"This cosmopolitan and interdisciplinary volume explores the resonance of 1989 in films, novels, architecture, and city planning, as well as in domestic and international politics. Braziel and Gerstenberger have collected an impressive set of original, stimulating, and sometimes provocative essays that trace the enduring significance of the fall of the wall, both in Germany and beyond. This is an important contribution to the growing literature on the end of the Cold War."--James J. Sheehan, Stanford University
"This cosmopolitan and interdisciplinary volume explores the resonance of 1989 in films, novels, architecture, and city planning, as well as in domestic and international politics. Braziel and Gerstenberger have collected an impressive set of original, stimulating, and sometimes provocative essays that trace the enduring significance of the fall of the wall, both in Germany and beyond. This is an important contribution to the growing literature on the end of the Cold War." - James J. Sheehan, Stanford University "The strength of this book is how it looks beyond the borders of Germany to examine the aftermath of 1989 in a transnational context, reading the Berlin Wall itself as 'truly a global phenomenon well beyond its fall.' . . . Recommended."'" CHOICE
This item was reviewed in:
Choice, August 2012
To find out how to look for other reviews, please see our guides to finding book reviews in the Sciences or Social Sciences and Humanities.
Summaries
Description for Bookstore
This collection of essays examines the conceptual paradox that is the Berlin Wall
Library of Congress Summary
"Twenty years after its fall, the wall that divided Berlin and Germany presents a conceptual paradox: on one hand, Germans have sought to erase it completely; on the other, it haunts the imagination in complex and often surprising ways. Similarly, Cold War divisions resonate in the global image of the "New Germany." Several overlapping themes run through the essays: the exportation of German post-wall debates into other cultural contexts and representations of the Wall within non-German settings; the emergence of visual, literary, and psychological imagery derived from the Berlin Wall well beyond its existence; the importance of space, geographical, political, as well as imagined, in the aftermath of the Wall; and the continued artistic as well as socio-historical engagement with East Germany as a state that no longer exists but whose memory reverberates in sometimes unexpected ways not only today but as a projection into the future. "--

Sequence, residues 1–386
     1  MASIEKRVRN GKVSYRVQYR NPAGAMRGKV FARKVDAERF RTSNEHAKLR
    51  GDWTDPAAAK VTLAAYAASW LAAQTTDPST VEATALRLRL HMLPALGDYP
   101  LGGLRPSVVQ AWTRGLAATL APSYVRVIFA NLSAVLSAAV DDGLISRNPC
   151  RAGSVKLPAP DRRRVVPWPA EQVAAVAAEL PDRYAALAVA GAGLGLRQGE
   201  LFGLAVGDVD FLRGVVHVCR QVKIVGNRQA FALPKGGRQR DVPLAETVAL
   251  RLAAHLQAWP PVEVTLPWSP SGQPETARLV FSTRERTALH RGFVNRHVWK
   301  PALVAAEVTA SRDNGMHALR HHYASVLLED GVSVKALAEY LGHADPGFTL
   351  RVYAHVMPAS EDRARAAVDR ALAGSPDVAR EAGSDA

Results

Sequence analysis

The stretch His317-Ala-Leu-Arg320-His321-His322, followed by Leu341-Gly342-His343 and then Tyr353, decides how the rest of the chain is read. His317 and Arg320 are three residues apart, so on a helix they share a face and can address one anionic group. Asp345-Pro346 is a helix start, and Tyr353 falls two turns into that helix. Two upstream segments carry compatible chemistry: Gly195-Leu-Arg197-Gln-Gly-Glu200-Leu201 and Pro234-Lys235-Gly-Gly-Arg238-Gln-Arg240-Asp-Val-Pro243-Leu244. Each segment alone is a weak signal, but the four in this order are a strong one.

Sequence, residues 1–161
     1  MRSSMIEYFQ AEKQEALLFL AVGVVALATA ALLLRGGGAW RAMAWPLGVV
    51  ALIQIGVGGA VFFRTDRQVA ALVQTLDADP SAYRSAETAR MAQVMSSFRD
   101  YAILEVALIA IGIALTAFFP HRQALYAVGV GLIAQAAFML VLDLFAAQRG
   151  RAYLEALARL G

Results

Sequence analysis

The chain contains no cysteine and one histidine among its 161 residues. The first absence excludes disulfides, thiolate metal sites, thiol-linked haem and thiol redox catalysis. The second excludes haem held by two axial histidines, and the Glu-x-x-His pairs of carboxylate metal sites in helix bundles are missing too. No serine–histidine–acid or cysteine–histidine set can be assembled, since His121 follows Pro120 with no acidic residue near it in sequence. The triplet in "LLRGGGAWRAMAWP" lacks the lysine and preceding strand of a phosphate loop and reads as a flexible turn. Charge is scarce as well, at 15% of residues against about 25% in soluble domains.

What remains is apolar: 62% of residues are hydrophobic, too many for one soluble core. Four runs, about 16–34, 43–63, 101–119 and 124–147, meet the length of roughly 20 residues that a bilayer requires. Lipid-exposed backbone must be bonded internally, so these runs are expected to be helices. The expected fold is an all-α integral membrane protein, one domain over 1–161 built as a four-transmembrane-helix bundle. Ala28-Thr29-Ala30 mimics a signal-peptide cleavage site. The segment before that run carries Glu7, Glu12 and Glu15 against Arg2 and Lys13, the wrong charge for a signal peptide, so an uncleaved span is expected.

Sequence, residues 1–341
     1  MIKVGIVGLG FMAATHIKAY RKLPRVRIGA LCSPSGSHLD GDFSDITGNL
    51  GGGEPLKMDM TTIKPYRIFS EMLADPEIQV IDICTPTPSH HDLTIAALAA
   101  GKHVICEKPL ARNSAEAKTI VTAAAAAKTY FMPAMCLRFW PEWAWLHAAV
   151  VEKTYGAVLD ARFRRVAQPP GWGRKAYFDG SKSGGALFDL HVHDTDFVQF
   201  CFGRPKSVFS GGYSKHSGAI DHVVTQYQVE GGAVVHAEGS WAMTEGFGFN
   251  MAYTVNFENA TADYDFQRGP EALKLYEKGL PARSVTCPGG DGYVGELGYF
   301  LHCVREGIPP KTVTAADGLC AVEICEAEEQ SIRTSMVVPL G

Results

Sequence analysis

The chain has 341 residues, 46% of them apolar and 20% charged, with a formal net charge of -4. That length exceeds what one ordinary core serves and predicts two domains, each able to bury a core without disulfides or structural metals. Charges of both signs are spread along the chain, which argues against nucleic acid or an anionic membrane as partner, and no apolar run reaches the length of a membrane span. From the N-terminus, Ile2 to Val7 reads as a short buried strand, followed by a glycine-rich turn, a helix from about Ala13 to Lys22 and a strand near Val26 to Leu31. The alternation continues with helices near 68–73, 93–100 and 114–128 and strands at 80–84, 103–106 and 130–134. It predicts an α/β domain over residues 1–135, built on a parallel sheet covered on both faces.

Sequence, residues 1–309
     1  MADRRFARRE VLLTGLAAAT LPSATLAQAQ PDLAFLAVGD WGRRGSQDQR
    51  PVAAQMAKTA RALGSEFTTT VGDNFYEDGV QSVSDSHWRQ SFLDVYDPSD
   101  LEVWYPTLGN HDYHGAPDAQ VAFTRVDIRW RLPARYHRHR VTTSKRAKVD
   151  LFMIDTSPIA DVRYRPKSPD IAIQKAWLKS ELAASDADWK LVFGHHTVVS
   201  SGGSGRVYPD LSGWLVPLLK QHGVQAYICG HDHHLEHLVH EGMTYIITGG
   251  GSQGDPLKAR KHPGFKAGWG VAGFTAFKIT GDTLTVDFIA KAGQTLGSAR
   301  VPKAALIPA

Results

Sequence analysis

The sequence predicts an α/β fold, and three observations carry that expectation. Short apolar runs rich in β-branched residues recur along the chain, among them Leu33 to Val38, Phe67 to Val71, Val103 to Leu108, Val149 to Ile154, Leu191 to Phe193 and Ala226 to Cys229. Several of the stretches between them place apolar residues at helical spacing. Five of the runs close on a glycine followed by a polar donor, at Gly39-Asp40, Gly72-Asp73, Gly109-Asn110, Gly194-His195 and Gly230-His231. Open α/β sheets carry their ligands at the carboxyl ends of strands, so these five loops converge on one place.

Main Description
After the Berlin Wall: Germany and Beyondexplores historical, cultural, political, and literary dimensions of the fall of the Berlin Wall and its aftermath both in Germany and internationally. Topics include German and Chinese approaches to urban planning and historical preservation, Japanese responses to German unification, discussions of walls and borders in Germany and in the West Bank, and contemporary German culture in a global world. Art historians, literary scholars, and sociologists offer perspectives on the continued importance of East German culture and the legacies of socialism. Drawing from interdisciplinary methods, the collection is of value to anthropologists, historians, political theorists, and cultural critics.
Main Description